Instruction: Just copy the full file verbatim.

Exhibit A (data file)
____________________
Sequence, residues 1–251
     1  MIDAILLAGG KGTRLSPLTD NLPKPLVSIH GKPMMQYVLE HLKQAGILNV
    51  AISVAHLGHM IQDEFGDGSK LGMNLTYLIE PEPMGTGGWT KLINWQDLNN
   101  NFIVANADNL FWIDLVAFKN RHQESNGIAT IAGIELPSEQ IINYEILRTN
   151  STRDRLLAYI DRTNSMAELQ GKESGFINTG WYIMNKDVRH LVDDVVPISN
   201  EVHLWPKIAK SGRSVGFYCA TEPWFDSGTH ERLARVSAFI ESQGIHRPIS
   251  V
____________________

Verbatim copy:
Sequence, residues 1–251
     1  MIDAILLAGG KGTRLSPLTD NLPKPLVSIH GKPMMQYVLE HLKQAGILNV
    51  AISVAHLGHM IQDEFGDGSK LGMNLTYLIE PEPMGTGGWT KLINWQDLNN
   101  NFIVANADNL FWIDLVAFKN RHQESNGIAT IAGIELPSEQ IINYEILRTN
   151  STRDRLLAYI DRTNSMAELQ GKESGFINTG WYIMNKDVRH LVDDVVPISN
   201  EVHLWPKIAK SGRSVGFYCA TEPWFDSGTH ERLARVSAFI ESQGIHRPIS
   251  V